The leaders of Brazil and Germany on Tuesday clashed over Europe's moves to recover from its debt crisis but agreed that developing countries should play a bigger role at the IMF.
Speaking at the CeBIT high-tech fair in Germany, Brazilian President Dilma Rousseff said she was "concerned about the monetary expansion in Europe and the United States" which she said resulted in an "artificial currency devaluation."
This was harming Brazilian exports, she insisted.
On Thursday, Rousseff complained that rich nations were responding to the global financial crisis with easy credit and low interest rates -- and that cheap money was making its way to Brazil, which has high interest rates and a strong currency.
"We are concerned about this monetary tsunami" caused by the "developed countries," Rousseff said in a speech to business and labour leaders.
Since the beginning of the debt crisis, the European Central Bank has offered eurozone banks unlimited cash at low interest rates to avert a credit squeeze. This has pushed down the value of the euro.
For her part, German Chancellor Angela Merkel stressed these measures were "temporary" and that while she understood the concerns, warned that countries should not respond with "protectionist" measures, a veiled reference to Brazil.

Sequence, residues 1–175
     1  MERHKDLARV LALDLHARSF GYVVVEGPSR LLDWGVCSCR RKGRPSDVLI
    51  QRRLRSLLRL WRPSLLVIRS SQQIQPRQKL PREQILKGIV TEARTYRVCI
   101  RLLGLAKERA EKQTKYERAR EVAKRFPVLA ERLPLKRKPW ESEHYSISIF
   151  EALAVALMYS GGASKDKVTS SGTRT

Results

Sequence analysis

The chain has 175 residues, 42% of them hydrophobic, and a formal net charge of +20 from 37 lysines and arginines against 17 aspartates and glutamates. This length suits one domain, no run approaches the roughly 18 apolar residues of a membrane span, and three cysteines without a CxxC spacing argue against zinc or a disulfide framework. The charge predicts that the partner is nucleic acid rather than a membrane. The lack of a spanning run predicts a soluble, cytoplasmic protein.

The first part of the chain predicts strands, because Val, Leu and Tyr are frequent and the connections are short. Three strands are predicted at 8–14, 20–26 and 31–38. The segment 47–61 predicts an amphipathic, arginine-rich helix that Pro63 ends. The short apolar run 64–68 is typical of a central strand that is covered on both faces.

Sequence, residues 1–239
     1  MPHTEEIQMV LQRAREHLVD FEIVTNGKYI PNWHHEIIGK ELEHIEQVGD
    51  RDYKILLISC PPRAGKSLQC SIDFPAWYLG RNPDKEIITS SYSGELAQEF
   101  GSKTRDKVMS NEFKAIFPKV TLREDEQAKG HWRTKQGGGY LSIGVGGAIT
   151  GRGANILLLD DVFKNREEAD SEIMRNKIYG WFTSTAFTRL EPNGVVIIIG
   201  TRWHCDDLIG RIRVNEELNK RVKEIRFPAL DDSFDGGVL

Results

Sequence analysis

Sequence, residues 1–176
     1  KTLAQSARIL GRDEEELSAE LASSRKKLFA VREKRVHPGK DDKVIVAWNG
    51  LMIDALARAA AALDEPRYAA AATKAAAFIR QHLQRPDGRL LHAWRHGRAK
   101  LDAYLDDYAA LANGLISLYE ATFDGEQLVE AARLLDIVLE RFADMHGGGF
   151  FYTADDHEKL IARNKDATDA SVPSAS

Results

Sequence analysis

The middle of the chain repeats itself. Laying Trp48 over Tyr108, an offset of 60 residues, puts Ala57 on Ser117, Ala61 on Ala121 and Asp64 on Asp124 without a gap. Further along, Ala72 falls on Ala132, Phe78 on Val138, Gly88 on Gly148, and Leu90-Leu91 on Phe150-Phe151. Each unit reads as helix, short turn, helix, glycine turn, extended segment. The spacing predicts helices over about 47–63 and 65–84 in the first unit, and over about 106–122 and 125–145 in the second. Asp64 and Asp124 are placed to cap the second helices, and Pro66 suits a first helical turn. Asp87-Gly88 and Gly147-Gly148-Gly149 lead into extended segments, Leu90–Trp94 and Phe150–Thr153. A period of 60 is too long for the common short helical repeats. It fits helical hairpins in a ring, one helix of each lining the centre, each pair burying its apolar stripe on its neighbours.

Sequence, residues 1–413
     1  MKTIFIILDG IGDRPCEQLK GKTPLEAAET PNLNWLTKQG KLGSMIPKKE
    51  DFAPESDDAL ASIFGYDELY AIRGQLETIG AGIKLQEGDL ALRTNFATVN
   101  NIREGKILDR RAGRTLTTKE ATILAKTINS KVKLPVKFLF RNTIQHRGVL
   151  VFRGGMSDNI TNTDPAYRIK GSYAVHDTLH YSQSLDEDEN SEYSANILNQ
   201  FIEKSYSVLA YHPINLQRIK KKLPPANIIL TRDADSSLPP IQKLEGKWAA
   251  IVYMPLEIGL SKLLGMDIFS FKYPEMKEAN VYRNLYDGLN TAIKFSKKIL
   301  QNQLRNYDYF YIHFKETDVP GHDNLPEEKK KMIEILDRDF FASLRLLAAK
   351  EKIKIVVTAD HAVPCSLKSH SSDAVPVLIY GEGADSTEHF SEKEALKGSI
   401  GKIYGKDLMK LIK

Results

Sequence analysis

Brazil, which in December overtook Britain as the world's sixth-biggest economy, has come under fire over what some have presented as protectionist measures.
Causing particular ire is a decision in September to slap a 30-percent tariff on all vehicles which are not at least 65-percent Brazilian made, or made in Mercosur, the local South American trade bloc.
However, the two leaders did see eye-to-eye on boosting the resources of the International Monetary Fund and giving developing nations more say at the lending institution.
"Since the Cannes G20 summit (in November 2011), we have said that we have agreed to take part in boosting the resources of the International Monetary Fund," said Rousseff.
However, this must go in hand with "a reinforcement of the participation of emerging countries" in the top echelons of the IMF, she emphasised.
Merkel said it was "very natural" that emerging countries should see their influence boosted at the IMF and said that on this point, Brazil and Germany were "of one mind."
Rousseff and Merkel were speaking after the traditional first-day tour of the CeBIT, the world's biggest high-tech fair in the northern German city of Hanover, that this year has drawn some 4,200 exhibitors from 70 countries.